Looking for a Sustainable Product? Check for an EPD

Looking for a Sustainable Product? Check for an EPD

Comparing products and materials for their environmental impact can be easier with Environmental Product Declarations (EPDs).

Designations and descriptions of commitments to reducing impact on the environment are common among companies these days, but it can be tough to determine how much of a commitment is being made to sustainability by one company or another. 

Architects, builders, designers, engineers and consumers who prefer to choose products and materials that have a less negative impact on the environment can turn to Environmental Product Declarations (EPDs) to help them compare similar items.

“EPDs are like a nutrition label for a product or a building material,” says Stephanie Vega Ziegler, director of environmental product strategy for Ferguson. “They’re standardized documents that communicate the environmental performance and impact for the life of the product.”

Consumers, particularly those in the Millennial and Gen Z generations, prioritize corporate responsibility when choosing products for their home.

top considerations when selecting products

Source: COGNITION Smart Data

At Kohler, efforts to evaluate the environmental impact of their products and to improve their manufacturing processes have been ongoing for at least 15 years, says Amy Hampton-Davies, director of sustainability for Kohler. Ferguson and Kohler have a partnership in which Kohler has multiple EPDs available exclusively on the Ferguson-owned Build.com site. 

kohler toilet

In addition, Kohler will have the ability to produce additional EPDs as lifecycle assessments continue to be completed. Kohler’s efforts to evaluate the environmental impact of their broad array of products and to do a lifecycle analysis of each product has been “herculean” over the past several years, Hampton-Davies says.

How EPDs Work

EPDs are based on a lifecycle assessment that evaluates the environmental effect of a product at every stage—from acquiring the natural resources that go into the product or material, to production, to use stage, and to the end of the life of the product—whether that’s recycling or disposal, Ziegler explains. 

“A key component of any EPD is the product category rule (PCR), which tells you what kind of data needs to be collected for the type of product or material you’re evaluating,” Ziegler says. “The value of an EPD is to provide a standard of comparison between products within a category so people can make selections of products that have the least environmental impact.”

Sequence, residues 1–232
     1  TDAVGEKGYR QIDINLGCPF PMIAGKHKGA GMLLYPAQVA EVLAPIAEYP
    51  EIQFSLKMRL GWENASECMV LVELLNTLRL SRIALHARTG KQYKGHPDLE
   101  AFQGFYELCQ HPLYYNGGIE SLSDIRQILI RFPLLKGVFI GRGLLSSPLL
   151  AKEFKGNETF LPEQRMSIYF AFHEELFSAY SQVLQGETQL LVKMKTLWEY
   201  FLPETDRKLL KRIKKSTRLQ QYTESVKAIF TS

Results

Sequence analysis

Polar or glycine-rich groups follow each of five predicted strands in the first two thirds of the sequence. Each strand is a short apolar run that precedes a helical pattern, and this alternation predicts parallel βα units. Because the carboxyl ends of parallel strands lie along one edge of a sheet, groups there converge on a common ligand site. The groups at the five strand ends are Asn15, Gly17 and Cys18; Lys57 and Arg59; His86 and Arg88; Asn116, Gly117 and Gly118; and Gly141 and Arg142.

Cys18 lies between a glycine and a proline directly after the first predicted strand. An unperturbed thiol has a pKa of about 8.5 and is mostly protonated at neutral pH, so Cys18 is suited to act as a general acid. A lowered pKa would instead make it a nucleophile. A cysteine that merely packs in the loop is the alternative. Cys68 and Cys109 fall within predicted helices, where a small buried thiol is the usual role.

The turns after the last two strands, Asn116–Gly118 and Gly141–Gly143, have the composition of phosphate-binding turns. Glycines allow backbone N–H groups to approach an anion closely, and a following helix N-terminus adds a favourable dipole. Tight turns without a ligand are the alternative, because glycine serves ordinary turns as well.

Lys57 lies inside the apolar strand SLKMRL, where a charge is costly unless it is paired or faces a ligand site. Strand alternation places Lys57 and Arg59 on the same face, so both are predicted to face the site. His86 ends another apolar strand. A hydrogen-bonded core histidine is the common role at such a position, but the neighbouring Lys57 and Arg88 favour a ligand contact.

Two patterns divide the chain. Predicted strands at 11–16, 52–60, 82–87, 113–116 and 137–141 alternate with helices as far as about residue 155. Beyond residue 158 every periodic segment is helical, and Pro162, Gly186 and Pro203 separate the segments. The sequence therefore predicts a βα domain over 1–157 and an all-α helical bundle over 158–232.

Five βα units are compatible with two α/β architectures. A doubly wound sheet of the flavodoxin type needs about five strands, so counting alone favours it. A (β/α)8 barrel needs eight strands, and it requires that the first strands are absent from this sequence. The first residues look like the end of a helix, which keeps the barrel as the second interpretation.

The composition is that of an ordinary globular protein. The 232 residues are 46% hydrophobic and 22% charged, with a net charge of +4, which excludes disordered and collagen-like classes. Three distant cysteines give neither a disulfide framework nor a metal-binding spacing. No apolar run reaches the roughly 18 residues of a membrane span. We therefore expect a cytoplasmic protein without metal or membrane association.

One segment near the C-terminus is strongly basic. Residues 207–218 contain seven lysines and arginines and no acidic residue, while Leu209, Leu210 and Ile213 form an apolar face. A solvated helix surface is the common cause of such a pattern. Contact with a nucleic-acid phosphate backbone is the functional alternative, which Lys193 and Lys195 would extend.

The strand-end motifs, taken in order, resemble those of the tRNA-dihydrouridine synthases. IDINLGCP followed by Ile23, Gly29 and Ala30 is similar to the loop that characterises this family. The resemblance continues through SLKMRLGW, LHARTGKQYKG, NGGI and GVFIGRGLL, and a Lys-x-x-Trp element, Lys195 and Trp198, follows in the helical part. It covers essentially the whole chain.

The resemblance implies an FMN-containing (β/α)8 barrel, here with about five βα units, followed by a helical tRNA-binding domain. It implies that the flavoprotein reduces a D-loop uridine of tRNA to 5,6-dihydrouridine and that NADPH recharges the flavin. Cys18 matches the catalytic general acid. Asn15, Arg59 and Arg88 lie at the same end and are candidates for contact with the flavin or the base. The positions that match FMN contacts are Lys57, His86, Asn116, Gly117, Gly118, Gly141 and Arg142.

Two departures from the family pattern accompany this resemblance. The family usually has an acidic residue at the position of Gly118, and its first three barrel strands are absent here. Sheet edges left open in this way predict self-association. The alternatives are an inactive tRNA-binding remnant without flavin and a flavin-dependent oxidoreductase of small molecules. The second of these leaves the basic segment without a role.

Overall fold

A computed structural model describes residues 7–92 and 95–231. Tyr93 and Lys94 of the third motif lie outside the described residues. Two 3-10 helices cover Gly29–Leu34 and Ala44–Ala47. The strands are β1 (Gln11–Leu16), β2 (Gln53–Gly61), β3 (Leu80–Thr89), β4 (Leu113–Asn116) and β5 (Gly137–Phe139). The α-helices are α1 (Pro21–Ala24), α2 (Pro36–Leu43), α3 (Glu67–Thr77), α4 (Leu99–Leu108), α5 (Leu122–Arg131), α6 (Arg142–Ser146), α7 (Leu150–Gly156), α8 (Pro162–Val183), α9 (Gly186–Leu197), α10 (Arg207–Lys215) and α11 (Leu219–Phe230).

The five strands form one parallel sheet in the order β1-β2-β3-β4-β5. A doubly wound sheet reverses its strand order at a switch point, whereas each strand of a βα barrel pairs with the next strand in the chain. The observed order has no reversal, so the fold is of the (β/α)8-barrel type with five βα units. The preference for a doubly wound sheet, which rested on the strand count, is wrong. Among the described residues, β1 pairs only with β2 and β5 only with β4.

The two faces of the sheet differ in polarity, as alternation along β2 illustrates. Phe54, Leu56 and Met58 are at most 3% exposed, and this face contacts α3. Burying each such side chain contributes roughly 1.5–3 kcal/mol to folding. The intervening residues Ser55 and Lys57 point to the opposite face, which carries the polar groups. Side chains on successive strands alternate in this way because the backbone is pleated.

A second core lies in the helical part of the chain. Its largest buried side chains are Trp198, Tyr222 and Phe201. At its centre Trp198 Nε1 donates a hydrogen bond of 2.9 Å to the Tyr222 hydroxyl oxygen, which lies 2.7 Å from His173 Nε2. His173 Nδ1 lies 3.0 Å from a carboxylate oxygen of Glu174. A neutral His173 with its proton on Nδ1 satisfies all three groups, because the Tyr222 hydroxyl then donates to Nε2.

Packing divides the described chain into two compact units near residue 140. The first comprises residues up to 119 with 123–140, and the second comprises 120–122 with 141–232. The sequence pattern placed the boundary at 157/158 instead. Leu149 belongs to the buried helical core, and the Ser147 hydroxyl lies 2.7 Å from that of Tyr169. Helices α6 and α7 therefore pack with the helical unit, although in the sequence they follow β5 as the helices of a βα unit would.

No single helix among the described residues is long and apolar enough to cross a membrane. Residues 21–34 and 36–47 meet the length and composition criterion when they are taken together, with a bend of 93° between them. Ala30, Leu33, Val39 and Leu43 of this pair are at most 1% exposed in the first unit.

Kohler took many of their existing products through the testing and evaluation process to generate EPDs and looked at factors such as the longevity of products and their carbon footprint.

“We’re identifying areas where we can make improvements and re-engineering some products to meet our higher standards,” Hampton-Davies says. “As we develop new products, we’re making sure they’re produced in a way to meet the high standards we have internally as well as standards to achieve certifications such as WaterSense.”

Kohler looks at a specific set of criteria for each of their products, such as their carbon footprint, waste impact, water usage and chemical impact, she says.

“Every EPD should provide a lifecycle assessment for that particular product, not an average of assessments for products in a category,” Ziegler says. “Looking at the average could skew the results and make some products or materials look more sustainable than they are.”

In addition, a high quality EPD will include all stages of the lifecycle and use verified specific data, not just industry data, she says. 

EPD Third-Party Verification

Before any company can publicize an EPD, they should have a third-party firm that provides EPDs validate all the data, Ziegler says. “Third-party verification provides transparency and consistency to ensure that we meet the requirements for an EPD,” Hampton-Davies says. 

The most impactful value of EPDs is as a comparison tool between products and materials.

“Unfortunately, not all suppliers have an EPD for all of their products,” Ziegler says. “It’s costly for companies to look under the hood at how their products are manufactured and what happens to them before and after production. We’re highlighting our partnership with Kohler to encourage all companies to take the steps needed to get EPDs.”

Market demand is there for EPDs, but it could be expanded, Ziegler says. 

“We need more requests from designers, architects, builders and engineers for EPDs,” she says. “The more requests there are, the bigger the incentive for manufacturers and suppliers to get them.” 

Hopefully, gathering the data and following the steps to get an EPD will eventually become a natural part of the manufacturing and supply process and consumers will also demand EPDs to make their own product comparisons.

Click here to check out a Kohler bathroom faucet with an EPD 

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